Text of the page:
This was the motto I grew up with. Hardnosed businessmen would put their arms around your shoulders and smile as they tricked you into signing over-priced contracts that they would never fully deliver on. And if the bottom crashed out they would say ‘hey, it’s just business, get used to it!’  With the apparent demise of business on the golf course and the onset of Facebook many businesses want to be friends with not just a few of their customers but with all of them. They even want to be friends with their suppliers too.

It’s complicated. We all like to be liked, we all want to have friends and there is nothing nicer than spending a pleasant lunch with a business acquaintance that you could also consider ‘a friend’.  But I ask myself, what is a friend and is it possible to truly have business friends?  

I have many clients that I like very much. I have many suppliers too that I will happily spend an hour or more with. But who are my business friends?  The word friend implies something deeper about the relationship between two individuals, you could even be forgiven to imply that friends in business could be suspected for not making balanced decisions, or even of being corrupt.

When I need help, I often turn to a friend because I know they are there for me, as I am for them. I sometimes just want them to listen, other times I want them to give me open and honest advice. I don’t want them to tell me the niceties that I want to hear but the hard naked truth that I need to hear. Real friends dare to risk it all to help their friend in need. Business acquaintances most likely are not.  But there is a grey zone, and that’s the zone of the consultant.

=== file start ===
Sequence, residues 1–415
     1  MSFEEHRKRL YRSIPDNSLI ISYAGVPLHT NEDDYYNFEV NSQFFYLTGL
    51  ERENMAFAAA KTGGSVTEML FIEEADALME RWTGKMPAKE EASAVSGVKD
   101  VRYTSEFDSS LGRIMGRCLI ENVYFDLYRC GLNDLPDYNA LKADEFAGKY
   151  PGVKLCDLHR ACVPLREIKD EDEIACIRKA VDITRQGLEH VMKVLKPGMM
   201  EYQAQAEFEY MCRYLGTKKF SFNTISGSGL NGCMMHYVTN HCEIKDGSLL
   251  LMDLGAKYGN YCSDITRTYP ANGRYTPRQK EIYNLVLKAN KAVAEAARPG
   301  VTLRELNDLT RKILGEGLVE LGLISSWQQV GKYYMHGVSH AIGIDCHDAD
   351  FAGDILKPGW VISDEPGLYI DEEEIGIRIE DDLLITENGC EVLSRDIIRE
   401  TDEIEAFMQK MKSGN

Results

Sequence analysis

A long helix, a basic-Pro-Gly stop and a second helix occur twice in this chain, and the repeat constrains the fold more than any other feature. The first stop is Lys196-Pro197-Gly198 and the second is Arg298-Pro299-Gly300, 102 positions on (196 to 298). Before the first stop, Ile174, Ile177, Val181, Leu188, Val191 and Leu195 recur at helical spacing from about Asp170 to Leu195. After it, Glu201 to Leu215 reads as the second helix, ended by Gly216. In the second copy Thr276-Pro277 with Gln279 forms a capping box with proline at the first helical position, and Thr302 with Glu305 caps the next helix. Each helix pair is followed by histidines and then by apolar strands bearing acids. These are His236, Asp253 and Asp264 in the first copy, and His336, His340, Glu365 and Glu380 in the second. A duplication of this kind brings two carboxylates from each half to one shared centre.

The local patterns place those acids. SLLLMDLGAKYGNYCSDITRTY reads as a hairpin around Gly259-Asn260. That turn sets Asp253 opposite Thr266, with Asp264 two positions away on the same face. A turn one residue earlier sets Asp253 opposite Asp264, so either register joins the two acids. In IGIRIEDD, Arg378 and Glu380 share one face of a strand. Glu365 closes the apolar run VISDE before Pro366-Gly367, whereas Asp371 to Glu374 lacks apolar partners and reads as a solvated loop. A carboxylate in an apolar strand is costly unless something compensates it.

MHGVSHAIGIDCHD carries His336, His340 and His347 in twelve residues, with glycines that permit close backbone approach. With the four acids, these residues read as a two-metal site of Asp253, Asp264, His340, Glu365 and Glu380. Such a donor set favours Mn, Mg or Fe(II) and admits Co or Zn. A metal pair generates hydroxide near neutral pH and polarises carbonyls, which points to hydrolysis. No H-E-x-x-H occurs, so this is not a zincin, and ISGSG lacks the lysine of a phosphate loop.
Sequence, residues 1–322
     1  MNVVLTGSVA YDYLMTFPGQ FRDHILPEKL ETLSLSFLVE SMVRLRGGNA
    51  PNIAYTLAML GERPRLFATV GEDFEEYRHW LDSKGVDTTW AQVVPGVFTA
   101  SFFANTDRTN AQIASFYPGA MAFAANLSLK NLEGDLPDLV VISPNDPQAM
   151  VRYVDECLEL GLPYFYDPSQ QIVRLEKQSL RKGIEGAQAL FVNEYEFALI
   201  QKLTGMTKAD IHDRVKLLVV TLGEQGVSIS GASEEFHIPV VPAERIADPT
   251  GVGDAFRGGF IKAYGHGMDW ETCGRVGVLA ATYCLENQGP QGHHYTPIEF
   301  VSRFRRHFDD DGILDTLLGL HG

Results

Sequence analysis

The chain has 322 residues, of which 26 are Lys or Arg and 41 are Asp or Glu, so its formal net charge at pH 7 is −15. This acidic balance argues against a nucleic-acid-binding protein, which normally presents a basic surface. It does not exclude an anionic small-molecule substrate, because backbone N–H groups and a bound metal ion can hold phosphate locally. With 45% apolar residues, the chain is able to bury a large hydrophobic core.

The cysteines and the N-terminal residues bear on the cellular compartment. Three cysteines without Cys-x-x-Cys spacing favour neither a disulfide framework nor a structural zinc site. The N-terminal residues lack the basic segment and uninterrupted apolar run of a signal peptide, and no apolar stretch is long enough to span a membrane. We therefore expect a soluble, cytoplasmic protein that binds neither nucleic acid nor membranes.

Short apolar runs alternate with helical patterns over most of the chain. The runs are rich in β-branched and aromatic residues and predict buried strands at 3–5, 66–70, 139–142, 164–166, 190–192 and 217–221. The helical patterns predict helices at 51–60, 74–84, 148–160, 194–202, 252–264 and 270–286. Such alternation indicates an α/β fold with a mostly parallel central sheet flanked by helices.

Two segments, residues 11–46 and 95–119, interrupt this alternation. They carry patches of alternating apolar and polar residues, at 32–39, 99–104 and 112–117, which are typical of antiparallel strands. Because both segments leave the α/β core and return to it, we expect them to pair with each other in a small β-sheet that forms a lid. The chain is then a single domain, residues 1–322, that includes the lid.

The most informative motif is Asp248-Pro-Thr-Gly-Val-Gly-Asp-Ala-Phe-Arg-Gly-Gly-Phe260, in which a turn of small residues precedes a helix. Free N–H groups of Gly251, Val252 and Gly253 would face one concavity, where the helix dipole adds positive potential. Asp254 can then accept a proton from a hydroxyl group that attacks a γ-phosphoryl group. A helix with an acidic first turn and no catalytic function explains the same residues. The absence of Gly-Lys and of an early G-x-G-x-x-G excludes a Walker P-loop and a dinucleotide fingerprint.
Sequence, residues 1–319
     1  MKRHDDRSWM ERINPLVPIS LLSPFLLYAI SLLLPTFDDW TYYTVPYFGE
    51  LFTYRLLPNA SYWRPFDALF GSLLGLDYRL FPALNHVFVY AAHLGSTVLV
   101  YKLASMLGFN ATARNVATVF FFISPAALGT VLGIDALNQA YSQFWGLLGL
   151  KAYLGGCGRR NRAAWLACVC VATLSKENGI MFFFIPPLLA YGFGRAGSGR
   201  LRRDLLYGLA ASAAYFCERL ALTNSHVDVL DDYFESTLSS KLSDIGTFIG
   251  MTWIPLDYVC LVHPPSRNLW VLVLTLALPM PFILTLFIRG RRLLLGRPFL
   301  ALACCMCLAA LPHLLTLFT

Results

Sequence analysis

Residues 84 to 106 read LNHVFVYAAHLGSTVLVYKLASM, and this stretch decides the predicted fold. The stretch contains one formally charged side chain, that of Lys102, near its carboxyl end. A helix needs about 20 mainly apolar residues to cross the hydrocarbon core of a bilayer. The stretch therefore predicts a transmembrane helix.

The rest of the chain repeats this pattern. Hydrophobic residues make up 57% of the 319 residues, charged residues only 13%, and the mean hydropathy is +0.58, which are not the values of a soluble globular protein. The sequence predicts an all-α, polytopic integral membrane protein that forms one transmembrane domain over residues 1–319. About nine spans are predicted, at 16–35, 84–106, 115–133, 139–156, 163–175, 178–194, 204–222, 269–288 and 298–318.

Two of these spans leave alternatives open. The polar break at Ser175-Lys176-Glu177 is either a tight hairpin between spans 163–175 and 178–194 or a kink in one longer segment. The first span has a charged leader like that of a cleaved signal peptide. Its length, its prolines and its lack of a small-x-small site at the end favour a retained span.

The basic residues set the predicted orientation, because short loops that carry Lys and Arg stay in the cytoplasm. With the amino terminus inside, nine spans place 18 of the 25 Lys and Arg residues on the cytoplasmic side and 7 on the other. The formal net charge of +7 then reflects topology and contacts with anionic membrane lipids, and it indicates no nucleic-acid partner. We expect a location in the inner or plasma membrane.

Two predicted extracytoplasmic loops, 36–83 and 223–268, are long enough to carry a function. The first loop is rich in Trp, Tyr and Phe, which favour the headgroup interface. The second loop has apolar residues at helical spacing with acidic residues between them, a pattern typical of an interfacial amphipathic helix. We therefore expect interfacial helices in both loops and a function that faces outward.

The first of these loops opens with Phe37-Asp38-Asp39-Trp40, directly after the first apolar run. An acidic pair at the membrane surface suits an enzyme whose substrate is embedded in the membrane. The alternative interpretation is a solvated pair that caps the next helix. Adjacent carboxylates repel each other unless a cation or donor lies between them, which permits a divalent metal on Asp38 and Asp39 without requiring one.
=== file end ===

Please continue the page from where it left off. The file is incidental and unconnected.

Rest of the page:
The consultant and his or her client need to trust one another implicitly, if they are going to offer each other real value. They need to fully understand each other. They need to know each other’s strengths and weaknesses. They need to know their limitations.  And when the client asks the consultant for advice the consultant must give it openly, honestly and to the very best of their ability. The consultant must even be prepared to lose their client, if the client does not like what they hear. So what is the difference between a consultant and a friend? After a meeting with a consultant, you can expect an invoice. After a meeting with a friend you can only expect radio silence until the next time you decide to meet up.

So the next time you’re having a business lunch or supper, don’t worry if the person you are with is your friend or not, but concern yourself as to whether they have told you what you wanted to hear or what you needed to hear. There’s a big, big difference.

And yes, consultants make the best friends because they care about you and they can never switch off from giving advice (I am told) even when it is not asked for. Thank goodness they conveniently forget to invoice their hours once in a while! 🙂

Have a good week,

Harley